Money-wise, the industry is expected to grow from a little less than $400 million in 2000 and $524 million in 2001 to nearly $2 billion by 2005. Other report highlights indicate that large-scale public sector biometric usage, currently 70% of the biometric market, will be surpassed by private-sector deployments, and biometrics sales for home PC and network access will reach $423 million in 2005.

As more businesses and organizations begin to use the technology, they will need to purchase or lease and then install the finger-scan readers, video cameras, signature tablets and telephones necessary to make it all work, and this is where most of the revenue will be generated. Today's leading biometric companies will face challenges to their standings in the marketplace from mergers and acquisitions, and they also will have to compete with much larger technology firms entering the biometric field.

George Orwell's "1984," written in 1949 as a statement against the totalitarian dictators of the Axis Powers countries, painted a grim picture of what the world of the future would look like. It's not difficult to imagine what Orwell would say if he could see us now. In 2002, it's hard not to be a little alarmed about the erosion of our civil liberties.

Our faces are filmed at intersections because drivers run red lights and our license plates are photographed as we whiz past hidden cameras set up to catch speeders. Our grocery purchases are tracked when we use club cards to qualify for store discounts.

We're warned to shred all those unsolicited credit card applications that arrive daily. We shouldn't put outgoing bills in our mailboxes because crooks steal the enclosed checks. "They" know every Web site you visit and how long you stay there.

There are security concerns at airports, on bridges and highways and at major events where crowds gather. Some of the biggest stories that came out of the Olympics in Salt Lake City and the Academy Awards in Hollywood this year revolved around the steps organizers had to take to keep everyone safe.

Here are two ways this controversial, state-of-the-art technology is being applied to increase levels of security in payments transactions and identity verification. BioPay Tim Robinson, President of BioPay, looked to his background in check processing and verification to find a niche for biometrics. Since banks and check-cashing businesses already were collecting ink fingerprints, his idea was to collect digital finger scans to verify identities. Robinson said that there is less resistance to the whole fingerprint/finger scan issue among people who don't have bank accounts - the ones who use the check-cashing facilities' services to begin with.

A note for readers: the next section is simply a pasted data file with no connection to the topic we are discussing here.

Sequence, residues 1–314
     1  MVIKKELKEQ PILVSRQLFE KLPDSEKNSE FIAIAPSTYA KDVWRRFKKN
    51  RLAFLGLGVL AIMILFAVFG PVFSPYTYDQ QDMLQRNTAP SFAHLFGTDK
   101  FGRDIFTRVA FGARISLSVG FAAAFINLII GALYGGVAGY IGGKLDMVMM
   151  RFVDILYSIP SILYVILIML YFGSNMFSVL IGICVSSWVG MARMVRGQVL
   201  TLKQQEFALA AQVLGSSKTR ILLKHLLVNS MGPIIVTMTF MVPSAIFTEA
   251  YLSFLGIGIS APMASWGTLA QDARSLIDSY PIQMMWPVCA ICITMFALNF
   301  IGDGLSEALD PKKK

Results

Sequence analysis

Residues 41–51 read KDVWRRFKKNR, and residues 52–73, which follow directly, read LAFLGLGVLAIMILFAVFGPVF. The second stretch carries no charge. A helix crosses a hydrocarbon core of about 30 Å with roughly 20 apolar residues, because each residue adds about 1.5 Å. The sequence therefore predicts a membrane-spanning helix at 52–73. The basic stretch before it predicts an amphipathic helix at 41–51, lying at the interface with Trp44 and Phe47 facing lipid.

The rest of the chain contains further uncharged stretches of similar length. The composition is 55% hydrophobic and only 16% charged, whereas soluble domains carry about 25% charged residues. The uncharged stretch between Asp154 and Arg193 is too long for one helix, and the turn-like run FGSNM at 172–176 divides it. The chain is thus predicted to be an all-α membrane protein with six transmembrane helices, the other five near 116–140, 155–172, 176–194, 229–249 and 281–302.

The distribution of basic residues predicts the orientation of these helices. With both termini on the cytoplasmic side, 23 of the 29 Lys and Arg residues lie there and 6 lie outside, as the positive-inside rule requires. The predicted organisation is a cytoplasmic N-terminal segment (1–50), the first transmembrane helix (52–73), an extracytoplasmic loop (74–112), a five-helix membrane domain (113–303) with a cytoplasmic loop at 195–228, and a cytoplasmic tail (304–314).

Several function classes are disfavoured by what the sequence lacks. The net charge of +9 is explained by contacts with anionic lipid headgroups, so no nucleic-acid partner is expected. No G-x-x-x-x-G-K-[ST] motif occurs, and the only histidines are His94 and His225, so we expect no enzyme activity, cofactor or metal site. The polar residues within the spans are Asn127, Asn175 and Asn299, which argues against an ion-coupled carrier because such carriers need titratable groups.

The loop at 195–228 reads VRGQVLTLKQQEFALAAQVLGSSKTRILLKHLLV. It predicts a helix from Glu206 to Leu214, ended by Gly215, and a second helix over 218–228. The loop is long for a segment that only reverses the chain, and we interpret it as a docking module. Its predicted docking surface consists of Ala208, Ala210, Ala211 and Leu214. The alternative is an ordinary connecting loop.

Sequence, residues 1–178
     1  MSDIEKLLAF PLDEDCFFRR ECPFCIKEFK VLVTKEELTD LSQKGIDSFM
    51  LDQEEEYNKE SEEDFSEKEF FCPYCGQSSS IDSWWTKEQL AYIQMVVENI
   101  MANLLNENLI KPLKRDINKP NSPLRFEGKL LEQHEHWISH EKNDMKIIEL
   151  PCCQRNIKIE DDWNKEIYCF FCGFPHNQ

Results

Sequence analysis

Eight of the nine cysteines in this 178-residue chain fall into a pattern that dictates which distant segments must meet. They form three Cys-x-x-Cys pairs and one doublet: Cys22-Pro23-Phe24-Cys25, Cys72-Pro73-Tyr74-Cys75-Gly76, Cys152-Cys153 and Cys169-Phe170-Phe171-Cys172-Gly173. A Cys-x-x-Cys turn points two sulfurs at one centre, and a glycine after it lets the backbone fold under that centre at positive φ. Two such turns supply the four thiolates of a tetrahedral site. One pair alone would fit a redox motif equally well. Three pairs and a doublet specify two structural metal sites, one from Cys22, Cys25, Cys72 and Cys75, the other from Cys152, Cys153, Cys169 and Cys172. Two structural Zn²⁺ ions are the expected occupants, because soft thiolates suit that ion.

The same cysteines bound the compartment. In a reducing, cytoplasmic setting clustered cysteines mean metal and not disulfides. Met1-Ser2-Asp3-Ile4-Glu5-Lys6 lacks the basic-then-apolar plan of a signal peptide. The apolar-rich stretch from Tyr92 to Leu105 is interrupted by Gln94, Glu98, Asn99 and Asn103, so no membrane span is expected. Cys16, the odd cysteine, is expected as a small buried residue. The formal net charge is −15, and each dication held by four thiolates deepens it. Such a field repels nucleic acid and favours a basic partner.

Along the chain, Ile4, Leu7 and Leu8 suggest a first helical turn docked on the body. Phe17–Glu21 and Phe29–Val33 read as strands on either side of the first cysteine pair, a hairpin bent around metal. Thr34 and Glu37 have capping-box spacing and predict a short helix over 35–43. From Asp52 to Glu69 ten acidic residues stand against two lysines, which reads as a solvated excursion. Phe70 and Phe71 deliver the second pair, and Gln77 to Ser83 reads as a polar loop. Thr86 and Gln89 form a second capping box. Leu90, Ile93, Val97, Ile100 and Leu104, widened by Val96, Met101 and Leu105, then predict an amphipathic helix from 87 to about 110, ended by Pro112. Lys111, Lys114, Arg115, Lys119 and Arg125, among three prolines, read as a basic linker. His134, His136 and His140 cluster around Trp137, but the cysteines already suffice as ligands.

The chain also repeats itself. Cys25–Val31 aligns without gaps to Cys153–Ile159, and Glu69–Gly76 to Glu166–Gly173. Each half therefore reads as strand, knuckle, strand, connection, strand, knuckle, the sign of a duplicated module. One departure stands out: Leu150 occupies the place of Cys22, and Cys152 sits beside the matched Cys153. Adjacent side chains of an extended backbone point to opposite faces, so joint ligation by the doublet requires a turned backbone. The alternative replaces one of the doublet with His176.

"They're already being fingerprinted. Ink prints smear. Instead, we're capturing an 'e-print,' " he said. "The preconceived aversion in the middle class to fingerprinting doesn't exist in the unbanked community.

"Collecting electronic finger scans is a better experience for the unbanked. The entire process is sped up - the lines move faster because transaction times are shortened. We have happier merchants cashing more checks and reporting higher sales, and there are no issues with customer acceptance. Our system gives an increased element of stability to those who are enrolled."

There are hundreds of thousands of scanned index finger prints in BioPay's proprietary database. Grocery and liquor stores who cash checks for their customers and other merchants with multiple locations are using the system in 17 states. Merchants are assured a high rate of identification verification.

"We guarantee the face value of all checks cashed. We've wiped out fraud. We offer a .55 percent guarantee rate, double that of check-verification services," Robinson said.

Customer enrollment in the BioPay system requires less than two minutes. Both index fingers are scanned; a template of that image, along with a digital photo of the customer driver's license, phone and social security numbers, all are entered into the system. When the customer comes back the next time, they only need to put their finger on the reader screen.

Robinson said the BioPay database is the largest commercial, non-governmental electronic fingerprint database in the nation: "BioPay-enrolled merchants share only negative check-cashing information. No customer enrollment data is shared." The system offers merchants excellent reporting and math features, he said.